Thursday, October 15, 2015

Just Ducky

I love pate de canard. Or at least I love the idea of it. When we lived in England and several Saturday's a year traversed the Channel to Boulogne, France, we always brought home a treasure from the hypermarket. The treasure was frequently something we had either tasted in a restaurant, or something that was so exotic and intriguing we just had to have it! Once we brought home a sweet little 2 piece ceramic duck which contained duck pate - pate de canard. I remember it as being creamy, mellow, and meltingly delicious on toast squares.

Recently our freezer was overflowing with odds and ends stashed there in frantic moments of food preservation, more desirable than waste by throwing away. In preparation for a trip, I committed to clean out the freezers and either using that which was useable, or discarding that which had succumbed to freezer burn or old age. In recent years as our travels have taken us back to France, I've purchased slivers of various types of pate containing at least a small percentage of duck liver, or other indistinguishable parts of duck. Many of these delicious concoctions included mushrooms or citrus or dried fruits and my freezer gleaning also produced a container of white Oregon truffles. The truffles were discovered and dug by grandson Dillon during an early spring landscape project, but travel prevented us from using them, so they ended up stashed in the back of the freezer in no mans land. Determined to use all my freezer findings in something tasty sent me on a mission, but an hours search through cookbooks and the Internet didn't produce a recipe exactly as I had in mind- so taking the best of several, here is the result.

After thawing overnight, the bony bits and broth of duck left from a dinner a few months back went into a saucepan with bay leaf and thyme, and simmered until the meat slid easily off the little bones.

Next, I sautéed shallots, garlic and herbs in olive oil and butter, and added the chopped liver.
Oregon white truffles, below:

As soon as the liver was gently cooked through about 2 tablespoons of cognac, and 1 tablespoon finely grated white truffle with a good grinding of fresh pepper, a little nutmeg and coarse sea salt were all added to the mixture.  

Meanwhile, I pulled all the meat off the bones of the back and neck and wings and tossed them into my Vita Mix -( LOVE my Vita Mix! I could get a job at Costco selling them) -- along with the heart, gizzard, and whatever indistinguishable little organ thingies I found in the stewing pot.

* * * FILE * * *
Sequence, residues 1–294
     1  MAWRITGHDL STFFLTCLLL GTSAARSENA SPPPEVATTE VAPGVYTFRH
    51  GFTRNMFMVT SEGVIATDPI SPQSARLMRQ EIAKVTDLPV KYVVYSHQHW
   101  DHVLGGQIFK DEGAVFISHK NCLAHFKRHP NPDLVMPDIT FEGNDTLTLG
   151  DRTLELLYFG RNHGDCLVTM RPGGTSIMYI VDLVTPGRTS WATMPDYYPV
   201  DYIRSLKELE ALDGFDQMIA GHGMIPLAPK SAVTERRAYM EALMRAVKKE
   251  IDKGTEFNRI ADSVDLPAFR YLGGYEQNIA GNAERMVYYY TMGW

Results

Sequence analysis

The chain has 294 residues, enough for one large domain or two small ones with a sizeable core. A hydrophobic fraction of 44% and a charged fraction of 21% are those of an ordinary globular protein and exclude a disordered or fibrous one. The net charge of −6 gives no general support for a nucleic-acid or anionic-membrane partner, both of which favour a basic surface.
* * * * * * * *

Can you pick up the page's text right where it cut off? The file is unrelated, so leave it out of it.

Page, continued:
Next, the warm sautéed liver concoction went into the Vita Mix with the meat, and processed to a fine purée. A little added duck broth smoothed out the consistency, and adjustments were made for final seasoning, I packed the paste into a 4" flan ring and chilled. When set, removed from the mold, iced with a little mayonnaise and decorated, it was ready to serve!

It was just ducky! 

Sunday, September 27, 2015

To the End of the Earth and Back

      Realizing at long last the trip of a lifetime, we boarded the Hurtigruten MS Vesteralen and settled into our little cabin.

      From our porthole we could see the final cargo being loaded and cars boarding the bottom deck, the first of dozens of such views we would experience over the next 12 days.
Soon the bell sounded and the announcement was made that the dinner buffet was ready and waiting. The first night on board the evening dinner was informally served buffet style, but from the next night forward we had an assigned table with 6 other Americans, thankfully at the first seating, which was generally at 6:30.
     As we have not experienced a cruise or even a river boat excursion, everything about this trip was new and wonderful and exciting. The Hurtigruten Coastal Voyage vessels are hybrids between ferries, cruise ships, river boats and cargo ships. They service Norwegian towns and villages -most twice each day - from Bergen to Kirkenes. In 1849 Richard With of Tromso recognized a need to transport mail, cargo and people to otherwise difficult to reach locations along the Norwegian coastline, and set about building a business to accommodate that need. 

Here, the cargo doors are open and goods are being loaded.
      One ship leaves Bergen every evening at precisely 20:00, and takes 12 days to make the round trip. The ports of call visited by day on the northbound trip, are visited at night coming south. Passengers making the entire round trip are treated to an amazing variety of geological as well as architectural sights along the way. 

     The Hurtigruten fleet has ships ranging in passenger capacity from 350 to 1100. The Vesteralen capacity is about 500, but she only has 274 berths in about 160 cabins. The rest are accommodated as day passengers. We saw people getting off and on at nearly every port, and I think the number of us that did the round trip was about a hundred fifty or so. 
     Our table mates came from Florida, Chicago, New Hampshire and Minnesota. It was great fun getting to know them all. An interesting bunch with all sorts of backgrounds, hobbies, work and volunteer experience. Apparently the table assignments are made according to language groups, which was nice because we were able to talk to each other. This did not limit any of us however, in getting to know others from France, Germany and Norway, England and Canada, as we had ample opportunities during other mealtimes and on excursions.
Monument marking the location of the Arctic Circle
     The tour director on the ship kept us apprised of important landmarks, the appearance of the Northern lights, special activities on board, etc. and arranged excursions for those who were interested. Above is the marker at the Arctic Circle. There are no cabaret shows, swimming pools, spas or casinos on Hurtigruten ships. The entertainment is provided by the raw natural beauty, the ever changing light, and the quaint, colorful and historic towns and villages along the way. We had opportunities to get off the ship several times a day for between 30 minutes and 2 or 3 hours. Some excursions left the ship at one location and rejoined her at another. If a major excursion conflicted with mealtimes, then the schedule was altered to accommodate those on the excursion.